Monday 12 November 2018

LEGO Harry Potter Collection ★★★☆☆

When I reviewed Lego DC Supervillains, I told you guys all about the undue shame I feel about having so much love for the Lego video games series. I’m a huge fan of a game studio that remembers the meaning of ‘fun’, and resists the temptation to overdesign and over complicate their games. Too commonly do recent releases collapse under the weight of their own features and ‘improvements’. One of the biggest trends in this bracket right now is Remasters, adding erroneous and unrequired features to old games in order to justify a new-game price tag once they’ve finished souping up the graphics.

I played the first Lego Harry Potter game, and I remember loving it. I’m a huge Harry Potter fan and have been since reading the books as a kid, and have followed every part of the franchise. There was no voice acting in Lego games yet, but the visual comedy made it easy to remember the exact scene from the film they were replicating. However, if I’m being frankly honest, coming to this game fresh of playing Lego DC Supervillains, this collection is absolutely showing its age. There are very few if any updates to the mechanics or playstyle, and even the graphics don’t look that much more impressive than they used to - they’re definitely not as polished as Lego DC Supervillains. When a remaster is announced, it’s every cynic’s first thought that they’ll do nothing but update the controls for a new system - and it kind of feels like that might be true about Lego Harry Potter. 

As with all Lego games, if you’re buying this for a younger gamer, they’ll absolutely love it and all of these criticisms are moot. The game is full of nostalgic throwbacks to the movies, and this collection covers all 8 of them. If you’ve played one of these Lego games by Traveller’s Tales before, then the mechanics will feel incredibly familiar. Button-mash the single attack command to clear out an area of enemies, before smashing open the environment to collect all of the shimmering little tokens that burst out of them, drop in multiplayer, infinite lives - it’s risk free, it’s easy and it’s destined to be fun if you let it. The character roster is enormous (there are hundreds) and there are a variety of spells to unlock to keep the gameplay fresh. As you unlock new spells you can return to previously explored levels to unlock new areas, which again will sound very familiar if you’re a veteran of these games.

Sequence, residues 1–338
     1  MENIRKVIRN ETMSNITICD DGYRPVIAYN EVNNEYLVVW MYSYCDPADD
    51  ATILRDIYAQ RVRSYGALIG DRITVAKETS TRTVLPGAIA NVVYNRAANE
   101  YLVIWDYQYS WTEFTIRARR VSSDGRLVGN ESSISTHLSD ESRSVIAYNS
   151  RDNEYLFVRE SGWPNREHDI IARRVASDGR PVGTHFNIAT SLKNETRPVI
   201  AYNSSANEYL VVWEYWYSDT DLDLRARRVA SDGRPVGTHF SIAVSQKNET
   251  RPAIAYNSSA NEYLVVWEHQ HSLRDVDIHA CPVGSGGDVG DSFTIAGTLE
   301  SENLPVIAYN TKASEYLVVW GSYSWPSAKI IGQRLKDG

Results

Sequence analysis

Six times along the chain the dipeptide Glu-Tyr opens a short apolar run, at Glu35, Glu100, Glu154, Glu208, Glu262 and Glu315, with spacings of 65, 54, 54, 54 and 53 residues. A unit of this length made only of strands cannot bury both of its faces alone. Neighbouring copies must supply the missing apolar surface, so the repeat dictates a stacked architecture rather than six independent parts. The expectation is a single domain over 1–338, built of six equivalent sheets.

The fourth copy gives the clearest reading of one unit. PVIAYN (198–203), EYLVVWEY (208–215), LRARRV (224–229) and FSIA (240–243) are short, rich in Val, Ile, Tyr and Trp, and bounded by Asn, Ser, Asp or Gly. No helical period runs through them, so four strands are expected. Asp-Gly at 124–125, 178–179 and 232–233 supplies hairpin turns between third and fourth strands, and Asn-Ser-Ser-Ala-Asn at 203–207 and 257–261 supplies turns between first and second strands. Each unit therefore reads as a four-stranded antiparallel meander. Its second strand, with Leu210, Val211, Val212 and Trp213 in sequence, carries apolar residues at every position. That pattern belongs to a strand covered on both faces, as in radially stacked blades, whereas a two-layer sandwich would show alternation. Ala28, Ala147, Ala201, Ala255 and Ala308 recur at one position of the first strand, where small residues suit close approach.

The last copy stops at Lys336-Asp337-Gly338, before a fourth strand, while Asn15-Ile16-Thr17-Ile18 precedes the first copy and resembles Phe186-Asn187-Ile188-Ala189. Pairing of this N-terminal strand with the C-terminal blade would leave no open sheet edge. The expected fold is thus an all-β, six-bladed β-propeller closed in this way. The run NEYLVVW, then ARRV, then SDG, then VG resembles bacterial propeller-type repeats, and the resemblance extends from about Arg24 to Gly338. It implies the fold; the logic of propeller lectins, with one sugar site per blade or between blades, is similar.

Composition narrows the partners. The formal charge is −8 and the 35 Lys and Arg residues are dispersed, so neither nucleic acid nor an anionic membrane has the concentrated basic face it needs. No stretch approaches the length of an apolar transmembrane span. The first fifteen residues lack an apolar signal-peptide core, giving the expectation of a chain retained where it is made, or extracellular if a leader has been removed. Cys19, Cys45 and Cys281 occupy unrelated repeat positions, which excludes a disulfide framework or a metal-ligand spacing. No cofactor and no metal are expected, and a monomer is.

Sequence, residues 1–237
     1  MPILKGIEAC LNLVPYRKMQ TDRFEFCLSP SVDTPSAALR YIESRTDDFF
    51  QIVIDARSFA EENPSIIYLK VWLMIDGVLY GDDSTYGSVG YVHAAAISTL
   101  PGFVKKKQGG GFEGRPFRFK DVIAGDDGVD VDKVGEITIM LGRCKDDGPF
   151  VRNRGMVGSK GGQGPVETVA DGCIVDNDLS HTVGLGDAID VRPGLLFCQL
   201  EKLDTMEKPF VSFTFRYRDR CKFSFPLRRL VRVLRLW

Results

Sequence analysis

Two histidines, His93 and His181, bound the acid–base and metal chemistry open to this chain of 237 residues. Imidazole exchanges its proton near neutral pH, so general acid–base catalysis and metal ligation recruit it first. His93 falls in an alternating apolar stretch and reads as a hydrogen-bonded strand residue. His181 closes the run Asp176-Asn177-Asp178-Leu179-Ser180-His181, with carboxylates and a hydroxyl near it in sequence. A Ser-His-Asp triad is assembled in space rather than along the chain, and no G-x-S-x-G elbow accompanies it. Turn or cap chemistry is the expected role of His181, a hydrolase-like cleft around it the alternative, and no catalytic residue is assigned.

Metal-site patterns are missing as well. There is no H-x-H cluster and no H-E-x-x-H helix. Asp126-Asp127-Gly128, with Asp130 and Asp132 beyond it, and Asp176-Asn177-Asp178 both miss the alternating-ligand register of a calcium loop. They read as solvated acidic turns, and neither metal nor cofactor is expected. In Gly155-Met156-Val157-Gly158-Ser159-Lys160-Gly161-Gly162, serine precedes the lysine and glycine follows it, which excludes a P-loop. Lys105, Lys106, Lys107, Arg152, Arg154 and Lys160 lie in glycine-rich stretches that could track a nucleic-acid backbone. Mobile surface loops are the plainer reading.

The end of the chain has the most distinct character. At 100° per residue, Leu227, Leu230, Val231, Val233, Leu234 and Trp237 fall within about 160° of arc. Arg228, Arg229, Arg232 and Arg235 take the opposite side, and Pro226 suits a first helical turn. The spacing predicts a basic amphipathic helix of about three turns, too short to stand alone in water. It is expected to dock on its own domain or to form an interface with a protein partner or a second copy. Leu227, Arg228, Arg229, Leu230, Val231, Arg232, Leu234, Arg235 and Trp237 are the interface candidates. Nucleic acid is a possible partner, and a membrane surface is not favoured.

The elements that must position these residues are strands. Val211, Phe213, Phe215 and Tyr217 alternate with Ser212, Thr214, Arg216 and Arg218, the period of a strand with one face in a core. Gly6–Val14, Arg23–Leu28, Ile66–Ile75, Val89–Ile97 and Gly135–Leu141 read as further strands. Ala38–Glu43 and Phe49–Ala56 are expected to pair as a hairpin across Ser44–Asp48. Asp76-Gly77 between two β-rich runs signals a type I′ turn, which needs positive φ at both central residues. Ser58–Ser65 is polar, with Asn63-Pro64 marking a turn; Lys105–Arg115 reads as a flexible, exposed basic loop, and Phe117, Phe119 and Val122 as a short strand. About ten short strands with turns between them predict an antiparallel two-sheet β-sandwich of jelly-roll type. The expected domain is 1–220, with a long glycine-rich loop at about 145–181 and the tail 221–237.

There’s very little wrong with this game, but I just found it reminding me how far these Lego games have come. When a game like Lego DC Supervillains makes such fantastic use of voice talent, it reminds me that although the physical comedy of the old Traveller’s Tales games was great, it was probably done out of necessity, not preference, by the developers. Being a full collection of all levels from both games means there’s also an insane amount of play hours here. You will absolutely get your money’s worth for it. It’s also affordable, which is especially notable as the game has been released for Xbox One and Switch long after it was already available for the PS4. To give it a ‘New Game’ price tag would have been pretty insulting. 

Final verdict? This was a great game when it was released, and it’s a decent game now. Harry Potter fans will love it, and there’s hours upon hours of play time available too. The huge character roster covers even the most obscure Harry Potter pals and is hugely satisfying to fully unlock, but fans of more hardcore gaming and outright Harry Potter haters might not look upon it with the same rose-tinted glasses. 

Jake Turnbull

LEGO Harry Potter Collection at CeX

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